Without Touko Laaksonen’s risqué illustrations, the landscape of queer art would look radically different. Here, we explore his influence on five different artists, from Robert Mapplethorpe to John Waters
- TextMiss Rosen
Even from a young age, Touko Laaksonen (aka Tom of Finland) was having erotic fantasies of grown men in his neighborhood. “I had a very strong fetish for some reason for leather and boots and all of it was combined with masculine professions and image,” Laaksonen said during a guest lecture at CalArts in 1988.
Mike Kelley had invited the Finnish artist to speak about the groundbreaking work he had done living in a nation where homosexuality was illegal until 1971 and laws forbidding the “promotion” of same-sex love were in effect until 1999 – eight years after his death.
Tom of Finland’s distinctive blend of beauty and lust inspired a generation of queer image-makers to openly embrace their identities in their lives and in their work. In honor of his vital legacy, Tom of Finland Foundation, Mike Kelley’s Mobile Homestead at the Museum of Contemporary Art Detroit, and Graeme Flegenheimer present TOM House: The Work and Life of Tom of Finland, a new exhibition that recreates his home in Echo Park, Los Angeles, where he spent his final years, showcasing works throughout his career alongside artists he inspired over the years.
The underlying theme of the exhibition is relationships: between artists and between men. For Tom of Finland Foundation curator Marc Ransdell-Bellenger, the connection is personal. “The very first Tom of Finland drawing I ever saw as a kid living in Kentucky is in this exhibition. It led me to realise I was not alone. It’s actually a G-rated drawing and it happens to be a drawing of Durk Dehner – my boss, my roommate, and my surrogate father,” he explains.
“I remember the day I was working in the vault and came across that drawing; I was instantly transported back to that day in Kentucky and was brought to tears because I suddenly realised I had become what I wanted to be and I escaped that oppressive environment to enjoy this freedom that I live in now.”
Here, Ransdell-Bellenger and Flegenheimer share insights into the artists inspired by the freedom to love and lust that Tom of Finland gave to the world.
In the late 70s/early 80s, Robert Mapplethorpe contacted Tom, asking to visit and see the men he was drawing for himself. Mapplethorpe spent a couple of weeks with Tom in Helsinki where they did a portrait exchange. The exhibition includes Mapplethorpe’s photograph of Tom. “The struck up a brief friendship,” Ransdell-Bellenger reveals. “Robert gave Tom one of his first major New York exhibitions – then ended up screwing him over and stealing work and money from him, so that severed their relationship. No surprise: Robert was a notorious asshole. Tom was a very trusting, genuine kind of guy and I don’t think he was used to being around that kind of ambition.”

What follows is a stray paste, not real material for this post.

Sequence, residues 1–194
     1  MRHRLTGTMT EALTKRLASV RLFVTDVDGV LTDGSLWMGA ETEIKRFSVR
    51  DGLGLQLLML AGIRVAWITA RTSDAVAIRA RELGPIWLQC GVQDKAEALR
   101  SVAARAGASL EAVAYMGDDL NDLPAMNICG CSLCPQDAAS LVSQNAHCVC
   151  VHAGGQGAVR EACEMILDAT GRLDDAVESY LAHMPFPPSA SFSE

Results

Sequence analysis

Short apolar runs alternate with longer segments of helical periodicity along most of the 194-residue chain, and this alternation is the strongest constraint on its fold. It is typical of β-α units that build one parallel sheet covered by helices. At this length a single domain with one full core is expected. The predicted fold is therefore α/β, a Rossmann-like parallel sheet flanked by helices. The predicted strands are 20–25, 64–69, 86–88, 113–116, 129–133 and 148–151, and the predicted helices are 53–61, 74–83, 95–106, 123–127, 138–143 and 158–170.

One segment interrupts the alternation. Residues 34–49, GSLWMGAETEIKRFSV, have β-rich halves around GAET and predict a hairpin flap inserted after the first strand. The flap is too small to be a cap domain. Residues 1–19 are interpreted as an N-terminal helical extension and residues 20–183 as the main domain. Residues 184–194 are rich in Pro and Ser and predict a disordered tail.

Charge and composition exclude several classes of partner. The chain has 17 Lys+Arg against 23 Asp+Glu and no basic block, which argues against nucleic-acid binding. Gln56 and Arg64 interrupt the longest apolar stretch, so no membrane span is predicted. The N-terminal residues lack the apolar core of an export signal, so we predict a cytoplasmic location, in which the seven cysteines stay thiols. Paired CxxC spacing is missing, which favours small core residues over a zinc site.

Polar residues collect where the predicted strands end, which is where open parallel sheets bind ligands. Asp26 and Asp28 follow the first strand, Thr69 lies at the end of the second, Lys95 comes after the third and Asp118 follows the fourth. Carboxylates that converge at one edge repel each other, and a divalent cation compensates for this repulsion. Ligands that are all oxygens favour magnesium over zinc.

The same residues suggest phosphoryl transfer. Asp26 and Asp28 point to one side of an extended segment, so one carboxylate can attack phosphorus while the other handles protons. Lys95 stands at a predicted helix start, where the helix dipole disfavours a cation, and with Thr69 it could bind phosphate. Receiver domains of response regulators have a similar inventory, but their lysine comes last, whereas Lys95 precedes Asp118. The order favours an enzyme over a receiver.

In the Tom of Finland XXL book from Taschen, John Waters gave a detailed description of meeting Durk Dehner and his unique experiences in TOM House: having a young leather-clad man to service him in any way he saw fit. The idea of home inspired the famed filmmaker to create a piece in tribute to Mike Kelley, a little vignette with a chair sitting next to a fireplace. “We are installing a fireplace in the mobile homestead to recreate the feeling of the Los Angeles house. It’s a sweet little gem,” Ransdell-Bellenger says. “One of the things we deal with is an open and honest sexuality. We don’t try to hide it. There’s no reason to. It’s one of the great reasons to live and celebrate who we are.”
Mike Kelley and Jim Shaw were members of Destroy All Monsters, the Detroit punk/psychedelic/metal band that described their sound as “anti-rock.” “Mike was truly a weirdo and outcast in punk,” Flegenheimer reveals. “It makes sense that punks, misfits, and outcasts gravitated towards Tom and protected his legacy. Then finally the fine art world woke up and realised this was beyond erotic art, it was beyond gay – it was someone’s beautiful craft.”
As a member of the San Francisco punk band Hunx and His Punx, Seth Bogart draws inspiration from the men depicted in Tom’s work. “Music is an interesting through line in the exhibition. Essentially punk and the underground really preserved Tom until he got the acclaim from the fine art world,” Flegenheimer notes. “Seth is was very indebted to Tom’s men. His piece for the show is called Jerking Off, and it’s an oil-based piece of a man jerking off. A piece like that wouldn’t have existed without Tom’s contribution.”
For a long time, the art world did not know what to make of Tom’s work – but the punk scene, which had no rules, got it immediately. “Tom was this quintessential punk,” Flegenheimer explains. “Punk has been one of the main genres that has protected Tom during the more turbulent times of resistance for gay men when they were being persecuted.” Raymond Pettibon, one of the premier visionaries of the West Coast punk scene, supported and admired Tom’s work throughout his career. As the mastermind behind the Black Flag logo, record covers, and promotional flyers, Pettibon’s work is emblematic of the freethinking, D.I.Y. ethos of Tom’s oeuvre.
TOM House: The Work and Life of Tom of Finland will be on display at MOCAD from April 19–May 19, 2018).